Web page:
Tata Chemicals: Buy

Rising prices of soda ash and tight supplies, and policy changes that will lift profitability for the urea business may help the company.



Companies with a large overseas leg to their operations may look unappealing to investors after recent global events, but Tata Chemicals may prove to be an exception. Through a series of acquisitions, the company has managed to secure the supply of inputs and substantially reduce costs for both its chemicals and fertiliser businesses.

These should pay off in the form of improved margins and better resilience to economic downturns over the next three-four years. Subsidiary Rallis India, fast growing player in pesticides, seeds and micronutrients, also holds great promise.

At its current market price of Rs 335, the Tata Chemicals stock trades at a modest price-earnings multiple of about 13 times its trailing 12-month earnings. The price discounts expected earnings for 2011-12 by about 10 times.

Soda ash: Pricing improves

Soda ash accounts for about 38 per cent of Tata Chemicals' consolidated revenues and is used in the manufacture of glass, detergents and other industrial chemicals. After its acquisitions, Tata Chemicals has emerged the second largest soda ash manufacturer in the world with facilities spread across North America (General Chemicals), Europe (Brunner Mond UK), Africa (Magadi Soda) and India. The buyouts have allowed it to manufacture nearly 70 per cent of its soda ash through the natural route, making it one of the lowest cost producers of soda ash in the world.

This has also endowed Tata Chemicals with a diversified user base across four continents, helping ride out cyclical blips in demand. For instance, while Tata Chemicals' European operations took a hit from a severe winter over the past two quarters, North American operations delivered strong growth, with 30 per cent-plus profit margins.

Globally, tight supplies of soda ash have resulted in producers taking a price increase in July 2011, the third such rise since last year.

Higher realisations at Tata Chemicals' European and African operations may help offset pressures from spiralling energy costs. Recently concluded repairs at Brunner Mond Europe and the April 2011 acquisition of British Salt (which ensures brine supplies to this plant) may improve the cost structure at the European operations, even if demand remains muted.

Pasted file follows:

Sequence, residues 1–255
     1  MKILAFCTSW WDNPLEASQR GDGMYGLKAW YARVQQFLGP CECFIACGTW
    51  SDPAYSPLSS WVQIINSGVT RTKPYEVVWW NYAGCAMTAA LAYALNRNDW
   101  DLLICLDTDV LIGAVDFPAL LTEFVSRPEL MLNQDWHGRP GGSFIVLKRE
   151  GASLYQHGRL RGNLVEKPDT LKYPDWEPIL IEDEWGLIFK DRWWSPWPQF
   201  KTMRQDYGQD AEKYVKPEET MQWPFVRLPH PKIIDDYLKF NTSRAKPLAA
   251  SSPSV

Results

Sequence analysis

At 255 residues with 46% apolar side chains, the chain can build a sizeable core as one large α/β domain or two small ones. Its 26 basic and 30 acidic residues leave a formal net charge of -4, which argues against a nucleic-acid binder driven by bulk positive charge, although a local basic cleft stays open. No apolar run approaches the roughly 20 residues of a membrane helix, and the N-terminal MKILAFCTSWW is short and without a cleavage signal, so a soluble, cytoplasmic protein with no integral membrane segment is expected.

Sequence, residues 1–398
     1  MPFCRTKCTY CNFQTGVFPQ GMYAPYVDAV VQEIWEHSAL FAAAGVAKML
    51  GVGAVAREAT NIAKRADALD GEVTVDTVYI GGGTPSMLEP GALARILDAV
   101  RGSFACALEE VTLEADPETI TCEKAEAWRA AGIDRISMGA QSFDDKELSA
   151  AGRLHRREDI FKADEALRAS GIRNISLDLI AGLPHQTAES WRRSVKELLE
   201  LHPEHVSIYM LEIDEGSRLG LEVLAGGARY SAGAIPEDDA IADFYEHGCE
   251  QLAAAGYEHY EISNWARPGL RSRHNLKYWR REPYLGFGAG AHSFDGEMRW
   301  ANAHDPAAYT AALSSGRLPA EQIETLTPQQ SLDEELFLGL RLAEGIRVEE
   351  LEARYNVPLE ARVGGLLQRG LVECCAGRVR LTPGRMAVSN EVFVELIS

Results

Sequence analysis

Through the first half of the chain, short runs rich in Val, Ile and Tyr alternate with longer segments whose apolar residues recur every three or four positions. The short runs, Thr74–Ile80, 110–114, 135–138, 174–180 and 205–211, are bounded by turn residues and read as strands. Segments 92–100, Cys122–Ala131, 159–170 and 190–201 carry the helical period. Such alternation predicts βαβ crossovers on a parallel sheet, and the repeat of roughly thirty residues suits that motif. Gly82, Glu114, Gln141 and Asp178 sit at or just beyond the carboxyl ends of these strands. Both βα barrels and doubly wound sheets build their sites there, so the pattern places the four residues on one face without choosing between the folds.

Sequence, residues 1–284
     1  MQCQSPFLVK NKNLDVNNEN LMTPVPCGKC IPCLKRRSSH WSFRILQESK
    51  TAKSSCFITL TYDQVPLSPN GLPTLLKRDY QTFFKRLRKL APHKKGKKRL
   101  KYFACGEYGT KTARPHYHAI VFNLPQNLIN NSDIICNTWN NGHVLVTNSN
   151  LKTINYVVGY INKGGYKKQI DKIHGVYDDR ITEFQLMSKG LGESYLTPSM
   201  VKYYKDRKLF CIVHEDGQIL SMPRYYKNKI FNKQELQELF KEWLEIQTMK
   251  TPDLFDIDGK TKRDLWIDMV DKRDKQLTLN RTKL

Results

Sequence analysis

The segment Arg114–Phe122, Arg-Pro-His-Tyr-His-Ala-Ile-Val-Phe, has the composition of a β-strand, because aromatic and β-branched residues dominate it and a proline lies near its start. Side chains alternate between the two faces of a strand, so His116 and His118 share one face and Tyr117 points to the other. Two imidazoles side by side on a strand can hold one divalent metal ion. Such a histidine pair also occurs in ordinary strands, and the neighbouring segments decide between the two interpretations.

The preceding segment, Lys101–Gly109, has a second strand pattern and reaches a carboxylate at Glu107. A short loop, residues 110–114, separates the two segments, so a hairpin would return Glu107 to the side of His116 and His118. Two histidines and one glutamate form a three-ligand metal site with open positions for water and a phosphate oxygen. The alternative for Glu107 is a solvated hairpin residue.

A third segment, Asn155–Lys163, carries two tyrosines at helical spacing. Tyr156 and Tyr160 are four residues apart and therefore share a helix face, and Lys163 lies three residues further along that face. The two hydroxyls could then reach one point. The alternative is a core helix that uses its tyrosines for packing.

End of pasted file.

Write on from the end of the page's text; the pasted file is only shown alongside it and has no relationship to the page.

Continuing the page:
Fertilisers: Linkages secured



If Tata Chemicals' soda ash buyouts helped it diversify, its moves in the fertiliser business aim at securing raw material availability for its Indian fertiliser business, which brings in 36 per cent of its top line.

Tata Chemicals currently manufactures urea, phosphatic and complex fertilisers. The company's 33 per cent stake in IMACID, a phosphoric acid venture in Morocco, has recently been supplemented by a stake in EPM Mining Ventures — a large potash miner in Canada. This secures availability of two key inputs for complex fertilisers in a scenario of global shortages and rising feedstock prices.

The fertiliser business offers scope for sustained volume growth, given the large domestic deficit of fertilisers. Though recent policy moves to free pricing of fertilisers has resulted in a blip in phosphatic fertiliser sales, this may prove temporary. An extended monsoon, recently increased procurement prices for output and the inclusion of urea in the Nutrient Based Subsidy (NBS) umbrella may result in demand staging a revival over the next few months.

NBS is designed to link manufacturing costs for each fertiliser product to import parity prices, with the difference being reimbursed as flat subsidy to producers.

The ability to produce urea at globally competitive costs will, thus, hold the key to profit margins post-NBS. Tata Chemicals is well-placed on this score, as a gas-based producer with the highest energy efficiency among domestic players.

This apart, a big shot in the arm may come from the company's decision to invest $290 million to acquire a 25.1 per cent stake in two 1.3 tonne per annum urea projects at the Republic of Gabon. This project enjoys access to natural gas through a 25 year fixed price contract with additional sops such as a 10-year tax holiday. The Gabon project may enable Tata Chemicals to participate actively in the global fertiliser market at a time of rising prices and demand. The company estimates each urea project to generate $300-350 million in annual operating profits, of which 25 per cent (roughly Rs 350-400 crore) will flow to it.

Finally, the consumer products business made up of iodised salt, low cost water purifier and recently pulses, provides steady cash flows and a non cyclical element to the company's operations.

No balance-sheet worries

Though it has pursued overseas acquisitions with fervour, healthy profitability of its foreign subsidiaries and the sizeable cash flows have kept Tata Chemicals' balance sheet in good health.

The company's net debt:equity stood at a moderate 0.74:1 by end- June 2011, down from 1.11:1 levels three years ago, as the company paid down debt and expanded equity, even as it made new acquisitions. Interest costs have steadily fallen in the last six quarters, with the interest cover at a comfortable 5.5 times.

The company remains well-placed to fund its capex programmes at existing facilities. Its consolidated sales have averaged an 18 per cent growth and operating profits a 14 per cent growth over the last five years, while the per share earnings have vaulted from Rs 14.7 to Rs 26.1.

Operating profit margins on a consolidated basis (17-19 per cent) have consistently remained higher than those for the parent company.

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